The director of the 26th International Toronto Film Festival,
Piers Handling, conducts media interviews after announcing
the list of attending films, actors and directors, August 21,
2001. Appearances by rocker turned film producer Mick
Jagger, box office favorites such as Denzel Washington,
Nicole Kidman and Uma Thurman as well as legends such as
director Bernardo Bertolucci and actor Anthony Hopkins,
will attend the event which runs Sept. 6- 15. (Andrew
By Amran Abocar
TORONTO (Reuters) - It's Mick, Uma and Denzel.
For 10 days in September, ``Toronto the Good'' becomes ''Toronto the
Chic'' when those Hollywood celebrities and others light up the 26th
International Film Festival, which is often used as a launching pad for
Academy Award-winning films.
Organizers unveiled a dazzling list of films, actors and directors Tuesday for
the festival -- considered one of the world's most important, along with Cannes, Venice and Berlin. It
also scuttles fears that this year's event, which runs Sept. 6- 15, would be a damp squib shunned by
Appearances by Rolling Stone turned film producer Mick Jagger, box office favorites such as Denzel
Washington, Nicole Kidman and Uma Thurman as well as legends such as director Bernardo
Bertolucci and actor Anthony Hopkins, will likely assure a solid audience turnout.
But festival director Piers Handling insists most Toronto movie goers are more interested in the art than
the celebrity factor.
``The festival's largely about showing films you don't have a chance to see elsewhere,'' Handling told a
press conference. ''A lot of savvy festival-goers will go see films from countries which they'll never get
a chance to see again and for them, it's a different star system. It's more director-oriented.''
A little smaller than last year's 25th anniversary festival, the 2001 event will showcase 326 films,
including 175 making their global or North American premieres, from 56 countries stretching from
Chile to Kazakhstan.
About 60 percent of the films are non-English and the tone is decidedly darker than the previous year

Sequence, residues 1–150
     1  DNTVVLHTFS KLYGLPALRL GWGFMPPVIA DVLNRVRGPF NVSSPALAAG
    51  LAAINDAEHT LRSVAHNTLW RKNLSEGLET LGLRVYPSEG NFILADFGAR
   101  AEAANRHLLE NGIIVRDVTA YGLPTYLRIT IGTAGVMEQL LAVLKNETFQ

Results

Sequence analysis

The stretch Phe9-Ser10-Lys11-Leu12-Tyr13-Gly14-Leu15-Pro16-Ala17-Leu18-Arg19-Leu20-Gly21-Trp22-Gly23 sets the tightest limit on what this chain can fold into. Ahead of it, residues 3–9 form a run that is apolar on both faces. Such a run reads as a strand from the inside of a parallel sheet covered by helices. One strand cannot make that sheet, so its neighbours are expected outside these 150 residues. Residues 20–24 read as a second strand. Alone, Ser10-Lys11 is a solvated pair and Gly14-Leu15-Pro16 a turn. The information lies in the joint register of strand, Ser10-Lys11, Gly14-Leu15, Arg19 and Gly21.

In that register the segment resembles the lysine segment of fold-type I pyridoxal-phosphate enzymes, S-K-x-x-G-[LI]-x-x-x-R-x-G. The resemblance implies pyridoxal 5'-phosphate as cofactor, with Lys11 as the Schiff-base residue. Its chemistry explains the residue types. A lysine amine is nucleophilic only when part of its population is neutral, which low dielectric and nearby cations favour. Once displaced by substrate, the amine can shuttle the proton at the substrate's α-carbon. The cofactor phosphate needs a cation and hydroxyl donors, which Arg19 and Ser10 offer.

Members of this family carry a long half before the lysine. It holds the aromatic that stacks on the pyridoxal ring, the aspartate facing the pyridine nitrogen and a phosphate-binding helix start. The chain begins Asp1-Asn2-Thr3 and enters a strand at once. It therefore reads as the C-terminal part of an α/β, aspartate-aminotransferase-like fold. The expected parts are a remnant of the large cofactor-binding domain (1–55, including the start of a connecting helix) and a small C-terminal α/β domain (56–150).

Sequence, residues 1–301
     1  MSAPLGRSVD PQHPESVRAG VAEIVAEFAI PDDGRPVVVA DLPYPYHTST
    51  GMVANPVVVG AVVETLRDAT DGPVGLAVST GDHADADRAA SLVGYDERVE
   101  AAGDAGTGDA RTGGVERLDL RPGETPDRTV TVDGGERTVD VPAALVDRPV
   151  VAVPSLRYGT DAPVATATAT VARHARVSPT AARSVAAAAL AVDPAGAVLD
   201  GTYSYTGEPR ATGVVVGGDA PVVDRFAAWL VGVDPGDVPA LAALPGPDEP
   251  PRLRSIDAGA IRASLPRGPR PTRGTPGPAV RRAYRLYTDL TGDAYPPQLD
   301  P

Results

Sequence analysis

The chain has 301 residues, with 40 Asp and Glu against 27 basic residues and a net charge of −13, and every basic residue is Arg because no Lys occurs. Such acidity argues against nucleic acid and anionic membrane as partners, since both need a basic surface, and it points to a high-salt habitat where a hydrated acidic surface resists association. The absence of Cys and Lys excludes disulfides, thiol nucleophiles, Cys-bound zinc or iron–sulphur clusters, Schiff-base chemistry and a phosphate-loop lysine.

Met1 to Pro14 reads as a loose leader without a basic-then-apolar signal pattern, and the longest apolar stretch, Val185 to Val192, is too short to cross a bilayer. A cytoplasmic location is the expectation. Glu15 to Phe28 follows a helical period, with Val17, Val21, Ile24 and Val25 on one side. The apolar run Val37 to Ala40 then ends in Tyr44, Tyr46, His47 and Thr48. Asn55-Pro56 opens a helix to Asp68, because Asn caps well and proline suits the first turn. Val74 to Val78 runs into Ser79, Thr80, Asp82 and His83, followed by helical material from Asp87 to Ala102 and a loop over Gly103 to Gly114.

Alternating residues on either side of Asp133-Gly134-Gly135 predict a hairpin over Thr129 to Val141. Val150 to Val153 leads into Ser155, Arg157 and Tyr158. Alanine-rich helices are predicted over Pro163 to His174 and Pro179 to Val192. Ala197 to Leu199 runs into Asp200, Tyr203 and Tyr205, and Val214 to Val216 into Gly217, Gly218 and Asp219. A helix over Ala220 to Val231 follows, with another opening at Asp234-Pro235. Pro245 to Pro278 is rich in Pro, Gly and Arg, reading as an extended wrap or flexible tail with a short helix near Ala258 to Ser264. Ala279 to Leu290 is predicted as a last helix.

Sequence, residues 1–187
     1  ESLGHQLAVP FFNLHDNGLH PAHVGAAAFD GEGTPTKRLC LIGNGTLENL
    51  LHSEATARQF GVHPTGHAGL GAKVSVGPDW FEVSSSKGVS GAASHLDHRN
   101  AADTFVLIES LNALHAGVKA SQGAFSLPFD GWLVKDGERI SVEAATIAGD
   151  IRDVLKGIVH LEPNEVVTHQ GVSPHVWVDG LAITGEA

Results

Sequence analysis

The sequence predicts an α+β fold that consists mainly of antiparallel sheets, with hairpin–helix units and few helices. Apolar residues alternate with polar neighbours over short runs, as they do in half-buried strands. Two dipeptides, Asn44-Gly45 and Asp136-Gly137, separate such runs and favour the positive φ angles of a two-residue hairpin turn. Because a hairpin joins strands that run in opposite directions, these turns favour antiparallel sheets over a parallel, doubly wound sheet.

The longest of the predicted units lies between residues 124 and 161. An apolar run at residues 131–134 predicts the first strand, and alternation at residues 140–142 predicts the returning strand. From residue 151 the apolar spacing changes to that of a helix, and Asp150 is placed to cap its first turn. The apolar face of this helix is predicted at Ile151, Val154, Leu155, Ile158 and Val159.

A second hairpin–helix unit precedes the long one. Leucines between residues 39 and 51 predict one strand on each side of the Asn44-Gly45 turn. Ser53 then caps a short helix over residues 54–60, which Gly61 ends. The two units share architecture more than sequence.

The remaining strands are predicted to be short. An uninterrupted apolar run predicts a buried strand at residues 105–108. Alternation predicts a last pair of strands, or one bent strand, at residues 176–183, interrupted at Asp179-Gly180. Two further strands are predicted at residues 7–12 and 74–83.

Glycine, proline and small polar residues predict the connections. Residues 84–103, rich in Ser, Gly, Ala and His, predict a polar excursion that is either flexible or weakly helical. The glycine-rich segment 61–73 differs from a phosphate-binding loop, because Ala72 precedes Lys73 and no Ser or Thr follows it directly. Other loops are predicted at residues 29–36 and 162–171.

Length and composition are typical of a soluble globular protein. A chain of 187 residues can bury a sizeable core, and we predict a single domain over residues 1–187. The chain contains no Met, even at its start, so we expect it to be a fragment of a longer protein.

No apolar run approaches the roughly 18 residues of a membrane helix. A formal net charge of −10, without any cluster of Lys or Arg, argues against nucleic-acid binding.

with many films dealing with the Second World War, grief and family dysfunction.
``There's a certain nostalgia in the work this year, a lot of filmmakers, the baby boom generation in
particular, who are looking backward in time,'' Handling said. ``A lot of films dealt with angry young
people who were often in dysfunctional families and had derelict parents.''
The disenchanted youth theme was apparent in not only American films but Asian and European ones,
The film festival will be launched by Bruce Sweeney's ``Last Wedding'' and will be closed by
Australian director Ray Lawrence's psychological thriller, ``Lantana,'' starring Oscar-winner Geoffrey
Rush and Barbara Hershey.
Other films making their world premiere include ``Last Orders'' with Michael Caine, ``Novocaine,''
starring Steve Martin and Helena Bonham-Carter and Scott Hick's ``Heart in
Atlantis,'' with Anthony Hopkins.
North American debuts include David Lynch's ``Mulholland Drive,'' David
Mamet's ``Heist,'' starring Danny De Vito and Gene Hackman, ``From Hell,''
with Johnny Depp and ``Training Day'' starring Denzel Washington and Ethan
The spotlight will fall on Scandinavian cinema this year with 15 films by
Nordic filmmakers on display in a program entitled ``Nordic Visions: Recent
Films from Denmark, Finland, Iceland, Norway and Sweden.''
||Iam gonna to TORONTO that week, I'll let ya know if i see Mick and co.
Winnipeg ain't that far from TO ya know